Since Boris first announced his ‘Stay at Home’ campaign over six months ago, most of us have been guilty of becoming interior designers and redecorating our homes. However, we overlooked a critical consideration: indoor air pollution. WCRAQ reports.
Air pollutants are an issue that requires immediate action. Air pollution levels across the UK often reach illegal levels according to the EU’s Air Quality Standards. Every year, 100,000 deaths in Europe can be attributed to indoor air pollution.
A 2019 study by Global Action Plan found levels of ultra-fine particles caused by cooking, smoking and vehicle exhaust fumes were 3.5 times higher inside than outside. As a result, 204,000 life hours are lost each year due to cardiovascular disease, lung cancer and asthma.
These alarming figures show us that interior design might be a solution to these problems. In February 2020, Ikea released a range of curtains that break down odours and common indoor pollutants such as formaldehyde, having been treated with a mineral-based coating. It claims to ‘use energy from natural light to transform polluted air to clean air’.
In light of the pandemic, property developers and hotel owners have looked for air-filtration technologies to protect the health of residents. The Bryanston, a luxury development planned to open next year adjacent to Hyde Park in London, has an air-filtration system that removes particulates, carbon monoxide and pollen. Apartments are fitted with dedicated air-handling units that also regulate temperature and humidity.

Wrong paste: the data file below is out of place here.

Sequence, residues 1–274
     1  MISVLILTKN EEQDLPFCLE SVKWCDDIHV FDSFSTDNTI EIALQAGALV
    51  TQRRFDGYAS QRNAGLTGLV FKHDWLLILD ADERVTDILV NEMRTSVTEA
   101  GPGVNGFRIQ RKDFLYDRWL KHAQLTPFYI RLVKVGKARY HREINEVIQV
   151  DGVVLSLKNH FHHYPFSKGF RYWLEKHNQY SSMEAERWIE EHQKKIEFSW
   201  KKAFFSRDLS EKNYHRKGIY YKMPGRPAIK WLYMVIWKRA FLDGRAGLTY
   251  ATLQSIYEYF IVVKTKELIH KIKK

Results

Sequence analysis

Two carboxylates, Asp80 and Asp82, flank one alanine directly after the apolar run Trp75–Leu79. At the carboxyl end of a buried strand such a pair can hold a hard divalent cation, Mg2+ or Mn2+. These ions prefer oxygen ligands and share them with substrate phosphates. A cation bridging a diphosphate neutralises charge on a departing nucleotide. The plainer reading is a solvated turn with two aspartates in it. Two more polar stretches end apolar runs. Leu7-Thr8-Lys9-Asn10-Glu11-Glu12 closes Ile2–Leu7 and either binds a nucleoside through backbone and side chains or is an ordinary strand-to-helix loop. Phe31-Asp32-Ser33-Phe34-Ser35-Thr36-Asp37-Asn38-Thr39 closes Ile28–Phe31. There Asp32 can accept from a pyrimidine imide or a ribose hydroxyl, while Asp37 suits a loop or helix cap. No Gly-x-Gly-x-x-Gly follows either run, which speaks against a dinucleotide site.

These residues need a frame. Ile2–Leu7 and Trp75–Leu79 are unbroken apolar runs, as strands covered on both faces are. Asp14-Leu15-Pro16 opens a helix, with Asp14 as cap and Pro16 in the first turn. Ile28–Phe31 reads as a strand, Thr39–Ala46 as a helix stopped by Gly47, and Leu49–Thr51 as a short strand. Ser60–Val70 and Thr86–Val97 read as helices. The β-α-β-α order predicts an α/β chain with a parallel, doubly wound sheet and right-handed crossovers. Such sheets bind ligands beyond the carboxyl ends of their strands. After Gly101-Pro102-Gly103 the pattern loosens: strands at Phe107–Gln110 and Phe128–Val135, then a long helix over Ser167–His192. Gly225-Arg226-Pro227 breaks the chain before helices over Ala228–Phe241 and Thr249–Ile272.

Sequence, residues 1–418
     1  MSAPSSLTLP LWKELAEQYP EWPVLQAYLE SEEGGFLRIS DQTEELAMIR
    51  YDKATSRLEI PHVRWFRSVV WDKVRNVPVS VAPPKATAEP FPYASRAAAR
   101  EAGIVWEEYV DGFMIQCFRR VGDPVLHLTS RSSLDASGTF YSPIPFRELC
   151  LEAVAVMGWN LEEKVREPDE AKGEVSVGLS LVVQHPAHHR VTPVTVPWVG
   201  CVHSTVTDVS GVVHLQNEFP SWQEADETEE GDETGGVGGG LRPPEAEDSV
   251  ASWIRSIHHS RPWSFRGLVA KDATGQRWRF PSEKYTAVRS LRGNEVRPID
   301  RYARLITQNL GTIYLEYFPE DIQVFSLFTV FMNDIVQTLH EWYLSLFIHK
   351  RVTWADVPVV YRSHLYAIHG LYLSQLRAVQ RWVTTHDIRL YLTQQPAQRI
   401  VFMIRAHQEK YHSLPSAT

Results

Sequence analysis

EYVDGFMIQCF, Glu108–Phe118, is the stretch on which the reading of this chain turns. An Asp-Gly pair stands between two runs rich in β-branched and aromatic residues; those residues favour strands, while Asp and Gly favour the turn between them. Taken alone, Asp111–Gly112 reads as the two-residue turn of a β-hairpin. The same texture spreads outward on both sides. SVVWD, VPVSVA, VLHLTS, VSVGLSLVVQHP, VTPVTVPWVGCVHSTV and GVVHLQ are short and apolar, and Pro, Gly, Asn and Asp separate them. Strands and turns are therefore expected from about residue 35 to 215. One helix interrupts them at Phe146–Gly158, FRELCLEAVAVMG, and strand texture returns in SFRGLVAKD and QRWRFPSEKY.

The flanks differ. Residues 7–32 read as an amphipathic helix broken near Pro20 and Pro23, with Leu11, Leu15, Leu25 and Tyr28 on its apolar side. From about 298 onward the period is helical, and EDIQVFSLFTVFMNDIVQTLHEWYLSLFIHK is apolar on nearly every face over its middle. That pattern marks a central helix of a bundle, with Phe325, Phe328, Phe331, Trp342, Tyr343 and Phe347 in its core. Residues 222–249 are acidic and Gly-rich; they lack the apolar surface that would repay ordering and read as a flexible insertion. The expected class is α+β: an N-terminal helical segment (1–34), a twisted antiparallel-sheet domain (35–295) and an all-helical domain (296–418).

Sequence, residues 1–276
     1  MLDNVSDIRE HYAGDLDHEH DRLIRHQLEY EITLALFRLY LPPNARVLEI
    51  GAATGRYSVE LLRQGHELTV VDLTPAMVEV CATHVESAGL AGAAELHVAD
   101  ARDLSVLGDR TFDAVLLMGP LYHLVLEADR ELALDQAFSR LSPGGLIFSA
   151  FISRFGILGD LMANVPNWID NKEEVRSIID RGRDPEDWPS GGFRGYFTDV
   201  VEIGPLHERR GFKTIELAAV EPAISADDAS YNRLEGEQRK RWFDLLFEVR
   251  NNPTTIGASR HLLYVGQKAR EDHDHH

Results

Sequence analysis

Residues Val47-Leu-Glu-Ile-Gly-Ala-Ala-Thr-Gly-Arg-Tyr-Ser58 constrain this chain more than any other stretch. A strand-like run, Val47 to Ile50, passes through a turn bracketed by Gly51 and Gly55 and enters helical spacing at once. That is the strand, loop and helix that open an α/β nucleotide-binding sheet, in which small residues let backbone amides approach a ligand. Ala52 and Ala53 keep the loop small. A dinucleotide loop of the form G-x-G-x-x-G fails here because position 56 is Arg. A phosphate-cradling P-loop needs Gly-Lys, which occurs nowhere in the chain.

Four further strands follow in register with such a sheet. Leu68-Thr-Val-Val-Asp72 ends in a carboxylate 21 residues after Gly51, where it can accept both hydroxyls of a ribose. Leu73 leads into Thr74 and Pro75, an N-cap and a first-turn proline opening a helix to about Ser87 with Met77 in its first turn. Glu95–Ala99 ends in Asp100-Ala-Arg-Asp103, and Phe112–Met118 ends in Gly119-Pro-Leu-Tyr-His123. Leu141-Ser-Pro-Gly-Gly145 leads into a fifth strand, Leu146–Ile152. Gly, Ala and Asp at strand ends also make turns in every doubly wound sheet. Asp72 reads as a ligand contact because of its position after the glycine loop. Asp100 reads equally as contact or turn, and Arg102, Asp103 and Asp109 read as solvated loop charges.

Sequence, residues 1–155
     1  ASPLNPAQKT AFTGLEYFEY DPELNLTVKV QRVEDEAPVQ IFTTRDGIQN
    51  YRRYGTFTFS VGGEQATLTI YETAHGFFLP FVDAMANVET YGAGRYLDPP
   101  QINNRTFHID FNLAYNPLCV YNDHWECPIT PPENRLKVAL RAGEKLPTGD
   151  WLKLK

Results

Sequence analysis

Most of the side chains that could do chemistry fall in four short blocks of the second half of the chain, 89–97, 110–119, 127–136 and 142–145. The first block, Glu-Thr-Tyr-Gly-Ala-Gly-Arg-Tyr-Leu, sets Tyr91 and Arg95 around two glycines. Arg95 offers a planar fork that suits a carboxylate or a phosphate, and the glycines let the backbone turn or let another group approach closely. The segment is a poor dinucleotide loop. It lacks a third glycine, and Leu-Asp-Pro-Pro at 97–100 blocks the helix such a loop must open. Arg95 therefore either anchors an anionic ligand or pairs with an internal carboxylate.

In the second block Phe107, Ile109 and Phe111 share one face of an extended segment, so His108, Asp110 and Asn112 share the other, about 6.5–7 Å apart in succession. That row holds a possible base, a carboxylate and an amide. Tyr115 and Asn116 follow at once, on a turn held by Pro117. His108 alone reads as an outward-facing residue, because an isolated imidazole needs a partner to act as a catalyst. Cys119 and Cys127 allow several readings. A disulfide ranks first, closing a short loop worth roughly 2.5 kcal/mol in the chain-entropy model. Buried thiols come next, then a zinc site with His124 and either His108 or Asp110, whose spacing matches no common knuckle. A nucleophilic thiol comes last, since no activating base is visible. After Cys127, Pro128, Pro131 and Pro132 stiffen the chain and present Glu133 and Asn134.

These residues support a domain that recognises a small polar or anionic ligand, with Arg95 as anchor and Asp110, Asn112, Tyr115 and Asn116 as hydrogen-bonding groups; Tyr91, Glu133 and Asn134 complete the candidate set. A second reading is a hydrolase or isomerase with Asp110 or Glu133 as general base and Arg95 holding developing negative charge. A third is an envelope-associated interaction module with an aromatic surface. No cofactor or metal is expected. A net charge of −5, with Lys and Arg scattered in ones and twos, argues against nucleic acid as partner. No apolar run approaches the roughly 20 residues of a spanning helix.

The Bryanston is also the first property to sign up for the AirRated certification, a new industry benchmark for indoor air quality that measures levels of particulates, carbon dioxide and volatile organic compounds (VOCs).
OKTOair is an AI-led filtration system that claims to remove Sars-Cov-2, the virus that causes Covid-19 within 45 minutes. It is based on the US military technology initially designed to counter chemical attacks.
‘Never before has the public need been more focused on feeling safe and protected in the home or work environment,’ Philip Dowds, MD OKTO Technologies commented. ‘We fast-tracked the launch of this system as a result of Covid19 because we feel it will have a positive impact as hotels and businesses reopen their doors.’
‘Adequate ventilation systems are critical to reducing exposure to airborne contaminants,’ emphasised Sanjay Rajagopalan, Director of the Cardiovascular Research Institute at Case Western Reserve University, Ohio
‘People should pay attention to the ventilation systems,’ he said. ‘I look at this whenever I visit restaurants: am I sitting next to a window? Is there good airflow? When I don’t see those things, I don’t go to those places.’
The need for ventilation systems also applied to shops, hotels, and particularly care homes, where over-70s account for almost 90% of Covid-19 deaths in England.
Yet, we must consider whether the environmental costs of air-filtration systems cancel out the good they are trying to achieve. Air conditioning already accounts for a fifth of electricity use in buildings, and 10% of global consumption.
‘The units have a relatively low energy consumption,’ Dowds defended OKTOair, comparing its electrical energy to a kettle.
However, the sustainable alternative is opening a window. As the World Health Organisation and the Environmental Protection Agency cite, natural ventilation is a first step towards preventing the indoor spread of contaminants in the context of the coronavirus pandemic.
To find out more about how you can tackle indoor pollution, visit our Planning Working Party page.